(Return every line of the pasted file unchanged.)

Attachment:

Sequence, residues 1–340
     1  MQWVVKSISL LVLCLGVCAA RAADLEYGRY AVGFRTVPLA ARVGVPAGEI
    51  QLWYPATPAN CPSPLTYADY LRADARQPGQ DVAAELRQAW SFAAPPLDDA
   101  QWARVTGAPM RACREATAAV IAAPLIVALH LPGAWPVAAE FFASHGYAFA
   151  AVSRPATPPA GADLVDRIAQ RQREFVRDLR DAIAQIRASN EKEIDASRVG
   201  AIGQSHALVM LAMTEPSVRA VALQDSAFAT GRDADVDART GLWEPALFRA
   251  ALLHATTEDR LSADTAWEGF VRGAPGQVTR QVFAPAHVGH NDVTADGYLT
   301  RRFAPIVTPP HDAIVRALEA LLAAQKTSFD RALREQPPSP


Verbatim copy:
Sequence, residues 1–340
     1  MQWVVKSISL LVLCLGVCAA RAADLEYGRY AVGFRTVPLA ARVGVPAGEI
    51  QLWYPATPAN CPSPLTYADY LRADARQPGQ DVAAELRQAW SFAAPPLDDA
   101  QWARVTGAPM RACREATAAV IAAPLIVALH LPGAWPVAAE FFASHGYAFA
   151  AVSRPATPPA GADLVDRIAQ RQREFVRDLR DAIAQIRASN EKEIDASRVG
   201  AIGQSHALVM LAMTEPSVRA VALQDSAFAT GRDADVDART GLWEPALFRA
   251  ALLHATTEDR LSADTAWEGF VRGAPGQVTR QVFAPAHVGH NDVTADGYLT
   301  RRFAPIVTPP HDAIVRALEA LLAAQKTSFD RALREQPPSP